Toyota is recalling 1.9 million Prius Hybrid sedans sold around the world between 2009 and 2014 due to faulty software that could cause the vehicle to stop unexpectedly.
More than a third of the vehicles, 713,000 in all, were sold in the United States, where the Prius has long been the best-selling hybrid in the market. Nearly half, or 917,000 will be recalled in Japan where the Prius has routinely been the best-selling vehicle of all kinds. The rest of the cars affected by the recall were sold in Europe and other parts of the world.
Toyota says it has received no reports of injuries or accidents related to the problem. But the risk is that an accident could occur if one of the hybrids were to unexpectedly stall while on the road.
The maker explains that software could cause transistors to become damaged in the hybrid powertrain control system. If that were to happen it could trigger warning lights to go off, driving power to be reduced or, in a worst-case scenario, a Prius could come to a stop.
The vehicles targeted by the recall were produced between March 2009 and February 2014.
The recall announcement comes just weeks after Toyota confirmed it had ordered a so-called stop-sale of most of its key models sold in the U.S. market due to what it dubbed a “compliance issue.” About 33,000 vehicles now in dealer lots are affected, the stop-sale affecting only those equipped with seat heaters.
Toyota Executive Vice President Bob Carter said the maker is already making repairs and hopes to complete the process within a matter of weeks. But he also confirmed Toyota is waiting to hear whether vehicles already in consumers’ hands will now be subject to a recall.
(For more on the stop-sale, Click Here.)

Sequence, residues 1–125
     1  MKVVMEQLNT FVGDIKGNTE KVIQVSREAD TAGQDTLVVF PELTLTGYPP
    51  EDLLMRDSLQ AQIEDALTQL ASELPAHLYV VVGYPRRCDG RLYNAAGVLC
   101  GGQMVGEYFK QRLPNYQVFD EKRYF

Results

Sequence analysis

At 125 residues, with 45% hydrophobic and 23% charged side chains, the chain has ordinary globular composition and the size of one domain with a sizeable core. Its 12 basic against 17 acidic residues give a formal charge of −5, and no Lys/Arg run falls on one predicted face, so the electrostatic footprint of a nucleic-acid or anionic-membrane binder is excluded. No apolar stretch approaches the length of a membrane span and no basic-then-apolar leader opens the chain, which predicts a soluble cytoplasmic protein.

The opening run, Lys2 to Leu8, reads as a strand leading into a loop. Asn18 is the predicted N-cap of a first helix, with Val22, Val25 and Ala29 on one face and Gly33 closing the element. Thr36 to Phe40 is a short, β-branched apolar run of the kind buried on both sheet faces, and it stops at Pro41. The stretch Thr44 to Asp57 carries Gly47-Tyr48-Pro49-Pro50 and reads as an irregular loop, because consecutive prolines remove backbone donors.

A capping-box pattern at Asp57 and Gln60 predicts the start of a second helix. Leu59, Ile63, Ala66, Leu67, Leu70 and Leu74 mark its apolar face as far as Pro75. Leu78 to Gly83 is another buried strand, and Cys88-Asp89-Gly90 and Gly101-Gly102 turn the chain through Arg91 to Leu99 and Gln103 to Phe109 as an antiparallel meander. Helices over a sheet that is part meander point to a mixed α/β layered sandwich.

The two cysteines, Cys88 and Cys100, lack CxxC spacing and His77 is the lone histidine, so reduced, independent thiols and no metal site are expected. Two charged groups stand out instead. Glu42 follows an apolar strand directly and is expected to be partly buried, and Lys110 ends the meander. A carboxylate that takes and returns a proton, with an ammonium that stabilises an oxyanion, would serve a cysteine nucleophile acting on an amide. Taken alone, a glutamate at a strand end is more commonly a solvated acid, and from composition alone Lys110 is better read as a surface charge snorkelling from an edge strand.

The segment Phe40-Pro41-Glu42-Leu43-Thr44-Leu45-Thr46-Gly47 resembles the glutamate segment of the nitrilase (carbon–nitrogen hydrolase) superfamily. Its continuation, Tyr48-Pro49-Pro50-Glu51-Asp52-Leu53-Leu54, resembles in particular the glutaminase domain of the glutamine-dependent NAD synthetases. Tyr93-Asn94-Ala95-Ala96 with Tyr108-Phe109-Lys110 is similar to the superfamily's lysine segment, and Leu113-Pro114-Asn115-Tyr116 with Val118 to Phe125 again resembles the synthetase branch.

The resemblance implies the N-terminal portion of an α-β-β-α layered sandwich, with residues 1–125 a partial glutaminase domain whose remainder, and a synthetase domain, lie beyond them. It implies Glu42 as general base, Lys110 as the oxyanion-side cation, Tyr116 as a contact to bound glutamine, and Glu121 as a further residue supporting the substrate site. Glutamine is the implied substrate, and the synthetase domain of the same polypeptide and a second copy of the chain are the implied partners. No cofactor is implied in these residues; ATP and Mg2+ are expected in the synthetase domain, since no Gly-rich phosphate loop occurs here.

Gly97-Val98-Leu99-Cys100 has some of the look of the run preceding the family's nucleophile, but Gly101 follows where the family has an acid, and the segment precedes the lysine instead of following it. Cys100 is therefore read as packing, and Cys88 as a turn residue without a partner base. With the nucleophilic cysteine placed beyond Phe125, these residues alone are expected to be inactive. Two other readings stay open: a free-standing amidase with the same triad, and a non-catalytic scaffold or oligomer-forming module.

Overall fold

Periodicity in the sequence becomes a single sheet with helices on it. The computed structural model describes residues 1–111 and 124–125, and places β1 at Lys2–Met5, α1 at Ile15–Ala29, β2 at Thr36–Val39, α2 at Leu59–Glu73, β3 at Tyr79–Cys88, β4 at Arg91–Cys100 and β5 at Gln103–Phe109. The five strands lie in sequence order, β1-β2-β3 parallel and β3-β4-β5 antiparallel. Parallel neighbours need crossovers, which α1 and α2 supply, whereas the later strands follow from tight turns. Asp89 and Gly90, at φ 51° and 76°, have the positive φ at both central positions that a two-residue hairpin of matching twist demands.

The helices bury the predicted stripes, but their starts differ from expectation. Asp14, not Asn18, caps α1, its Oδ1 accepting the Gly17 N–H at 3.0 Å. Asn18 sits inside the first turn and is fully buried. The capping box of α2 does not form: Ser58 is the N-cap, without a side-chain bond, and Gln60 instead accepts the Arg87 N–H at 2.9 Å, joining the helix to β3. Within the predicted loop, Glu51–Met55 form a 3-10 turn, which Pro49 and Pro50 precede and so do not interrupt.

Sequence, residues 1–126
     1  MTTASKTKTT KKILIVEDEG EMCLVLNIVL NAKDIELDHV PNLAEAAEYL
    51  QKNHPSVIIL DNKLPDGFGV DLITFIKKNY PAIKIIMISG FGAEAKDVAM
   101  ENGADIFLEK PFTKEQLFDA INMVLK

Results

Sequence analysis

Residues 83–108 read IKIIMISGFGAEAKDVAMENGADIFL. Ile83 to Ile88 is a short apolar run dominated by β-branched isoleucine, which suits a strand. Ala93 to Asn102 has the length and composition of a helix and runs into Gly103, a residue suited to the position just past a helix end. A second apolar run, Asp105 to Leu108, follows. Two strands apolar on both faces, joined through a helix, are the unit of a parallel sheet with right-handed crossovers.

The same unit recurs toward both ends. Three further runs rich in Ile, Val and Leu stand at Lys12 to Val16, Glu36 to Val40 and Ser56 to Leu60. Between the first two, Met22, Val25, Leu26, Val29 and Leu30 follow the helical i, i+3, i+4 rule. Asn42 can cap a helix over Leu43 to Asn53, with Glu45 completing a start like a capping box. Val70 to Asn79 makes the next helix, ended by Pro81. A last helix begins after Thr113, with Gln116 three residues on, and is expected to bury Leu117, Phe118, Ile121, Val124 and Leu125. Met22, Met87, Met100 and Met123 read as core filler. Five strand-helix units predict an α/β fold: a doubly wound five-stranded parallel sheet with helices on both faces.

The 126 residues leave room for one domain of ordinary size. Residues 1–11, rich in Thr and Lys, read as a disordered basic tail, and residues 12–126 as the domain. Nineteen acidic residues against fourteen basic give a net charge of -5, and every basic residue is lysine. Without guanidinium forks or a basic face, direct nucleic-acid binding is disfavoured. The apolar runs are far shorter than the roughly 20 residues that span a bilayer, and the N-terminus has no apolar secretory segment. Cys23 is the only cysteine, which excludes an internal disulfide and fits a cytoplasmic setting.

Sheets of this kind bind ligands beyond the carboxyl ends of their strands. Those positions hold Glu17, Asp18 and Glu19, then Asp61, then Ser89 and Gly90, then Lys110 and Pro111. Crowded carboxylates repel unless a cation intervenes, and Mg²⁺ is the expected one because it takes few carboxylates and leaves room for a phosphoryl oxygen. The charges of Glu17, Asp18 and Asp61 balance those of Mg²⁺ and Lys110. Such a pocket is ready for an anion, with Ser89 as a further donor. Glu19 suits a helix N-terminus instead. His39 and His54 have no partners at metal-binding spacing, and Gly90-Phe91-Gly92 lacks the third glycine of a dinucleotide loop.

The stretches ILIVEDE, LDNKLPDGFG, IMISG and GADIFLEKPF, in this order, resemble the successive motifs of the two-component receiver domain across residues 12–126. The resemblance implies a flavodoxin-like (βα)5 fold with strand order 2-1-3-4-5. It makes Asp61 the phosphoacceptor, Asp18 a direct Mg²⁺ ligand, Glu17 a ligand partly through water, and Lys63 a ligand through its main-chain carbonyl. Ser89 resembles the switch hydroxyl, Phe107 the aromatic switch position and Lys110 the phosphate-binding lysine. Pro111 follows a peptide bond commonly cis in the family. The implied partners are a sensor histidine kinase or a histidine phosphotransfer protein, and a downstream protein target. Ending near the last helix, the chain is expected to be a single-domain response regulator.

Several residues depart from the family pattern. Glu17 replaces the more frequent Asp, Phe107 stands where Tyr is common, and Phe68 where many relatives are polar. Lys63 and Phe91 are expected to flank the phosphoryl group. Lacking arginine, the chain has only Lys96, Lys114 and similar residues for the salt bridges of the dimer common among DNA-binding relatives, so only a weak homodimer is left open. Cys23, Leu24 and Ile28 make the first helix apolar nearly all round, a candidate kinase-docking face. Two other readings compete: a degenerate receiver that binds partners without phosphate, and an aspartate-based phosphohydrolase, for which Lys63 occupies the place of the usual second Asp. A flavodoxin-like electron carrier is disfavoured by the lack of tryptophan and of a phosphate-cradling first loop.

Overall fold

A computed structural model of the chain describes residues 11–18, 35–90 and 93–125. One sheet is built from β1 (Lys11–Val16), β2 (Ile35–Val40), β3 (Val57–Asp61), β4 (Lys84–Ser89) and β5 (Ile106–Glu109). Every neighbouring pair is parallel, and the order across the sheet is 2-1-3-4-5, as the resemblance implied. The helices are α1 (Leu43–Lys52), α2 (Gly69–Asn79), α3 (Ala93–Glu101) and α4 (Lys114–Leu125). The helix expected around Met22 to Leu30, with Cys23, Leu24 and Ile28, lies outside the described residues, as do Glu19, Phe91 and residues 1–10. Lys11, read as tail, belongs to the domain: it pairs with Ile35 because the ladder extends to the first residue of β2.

Separately, the maker has confirmed it is working with the U.S. Department of Justice on a settlement to end a criminal investigation related to the maker’s problems with sudden acceleration. The problem prompted a series of recalls starting in 2009 that ultimately impacted 14 million vehicles sold worldwide and led to an earlier stop-sale the following year.
Toyota has so far paid more than $1 billion to settle claims emerging from the sudden acceleration problem and is facing further class actions from owners. It has already paid more than $70 million in U.S. government fines for failing to respond to sudden acceleration-related problems in a timely fashion. But it is now reportedly negotiating a settlement of criminal claims that could cost it more than $1 billion.
(Click Here for more on the proposed settlement.)
Toyota recalled more vehicles for safety-related issues than any other maker four of five years between 2008 and 2012. Final figures on 2013 have not been announced by the National Highway Traffic Safety Administration.
Various Prius models have been involved in a number of recalls in recent years. That includes early versions of the latest, fourth-generation hybrid which was the target of a late 2010 model-year safety action due to software glitches involving its regenerative braking system.
(Toyota takes top spot on brand perception list. Click Here for the story.)